Arizona and several other states have adopted anti-deficiency statutes which protect residential homeowners from lawsuits after foreclosure of their residence even if the amount owed to the lender is greater than the value of the home.
With the decline of home values over the past several years, the protections afforded homeowners under Arizona’s anti-deficiency statute are of increasing importance. The anti-deficiency statute applies to residences consisting of 2.5 acres or less used for a single family or dual-family dwelling.
The protection extends to the money borrowed from the lender which was used to purchase the property. In Arizona, most home loans are secured by deeds of trust rather than a mortgage. Lenders generally prefer deeds of trust better because they can foreclose on the home without starting a foreclosure lawsuit in court and the homeowner also loses redemption rights after the sale which is not the case for mortgages.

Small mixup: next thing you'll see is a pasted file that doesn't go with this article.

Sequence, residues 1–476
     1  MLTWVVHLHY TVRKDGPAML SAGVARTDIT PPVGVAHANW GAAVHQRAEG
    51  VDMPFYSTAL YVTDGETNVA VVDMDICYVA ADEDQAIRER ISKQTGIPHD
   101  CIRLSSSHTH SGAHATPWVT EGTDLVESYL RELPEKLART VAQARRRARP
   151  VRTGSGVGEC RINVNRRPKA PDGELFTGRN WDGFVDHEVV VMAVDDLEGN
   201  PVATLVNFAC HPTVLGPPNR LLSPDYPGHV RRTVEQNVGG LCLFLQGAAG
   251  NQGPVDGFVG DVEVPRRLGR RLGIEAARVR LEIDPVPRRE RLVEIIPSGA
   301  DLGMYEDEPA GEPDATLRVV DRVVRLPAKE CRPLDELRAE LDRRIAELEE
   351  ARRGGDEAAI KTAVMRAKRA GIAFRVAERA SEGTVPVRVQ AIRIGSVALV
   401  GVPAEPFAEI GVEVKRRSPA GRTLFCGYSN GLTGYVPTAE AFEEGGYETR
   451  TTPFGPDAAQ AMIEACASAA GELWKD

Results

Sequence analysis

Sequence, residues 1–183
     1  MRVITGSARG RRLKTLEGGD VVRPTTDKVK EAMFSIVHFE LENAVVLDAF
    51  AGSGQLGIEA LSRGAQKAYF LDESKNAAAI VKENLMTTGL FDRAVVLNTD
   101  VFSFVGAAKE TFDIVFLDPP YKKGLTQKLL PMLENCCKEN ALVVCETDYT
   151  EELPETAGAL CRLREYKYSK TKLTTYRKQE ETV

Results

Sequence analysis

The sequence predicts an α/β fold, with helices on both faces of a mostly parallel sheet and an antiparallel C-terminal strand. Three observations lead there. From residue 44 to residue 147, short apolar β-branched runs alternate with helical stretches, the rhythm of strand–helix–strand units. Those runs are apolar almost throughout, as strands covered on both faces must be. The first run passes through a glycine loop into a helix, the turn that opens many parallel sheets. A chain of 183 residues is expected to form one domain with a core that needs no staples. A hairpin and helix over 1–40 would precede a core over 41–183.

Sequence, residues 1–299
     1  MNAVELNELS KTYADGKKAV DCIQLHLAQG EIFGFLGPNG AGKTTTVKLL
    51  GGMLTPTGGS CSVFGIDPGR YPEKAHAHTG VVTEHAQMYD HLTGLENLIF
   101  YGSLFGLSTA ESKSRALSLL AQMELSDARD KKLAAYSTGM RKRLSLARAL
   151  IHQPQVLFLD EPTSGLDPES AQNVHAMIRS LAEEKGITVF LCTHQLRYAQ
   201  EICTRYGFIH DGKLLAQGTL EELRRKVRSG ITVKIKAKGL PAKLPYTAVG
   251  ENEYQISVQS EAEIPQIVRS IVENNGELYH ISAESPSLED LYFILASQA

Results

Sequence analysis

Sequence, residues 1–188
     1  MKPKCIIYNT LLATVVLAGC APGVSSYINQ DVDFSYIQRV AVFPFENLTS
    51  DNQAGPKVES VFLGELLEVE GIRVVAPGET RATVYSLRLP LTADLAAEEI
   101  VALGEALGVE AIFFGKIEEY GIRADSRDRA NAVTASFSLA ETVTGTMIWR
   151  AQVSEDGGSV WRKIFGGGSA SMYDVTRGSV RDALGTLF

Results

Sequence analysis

The lender can take back the property and make no other claims against the homeowner even if the value of the home is less than the amount owed to the lender. Ariz. Rev. Stat. Ann. § 33-729(A) for purchase money mortgages and Ariz. Rev. Stat. Ann. § 33-814(G) for Deeds of Trust.
After a foreclosure, the homeowner does not escape altogether. There are consequences to the homeowner in the form of an adverse credit hit. Depending on other obligations which the homeowner has incurred and other credit problems, the homeowner will have their credit rating reduced about 150 points after the foreclosure sale. It will take about two years to rehabilitate that credit.
Purchasing another home will have to await several years due to federal rules, regulations and other internal bank regulations. The practical alternative is renting a home or condominium unit.
Lat J. Celmins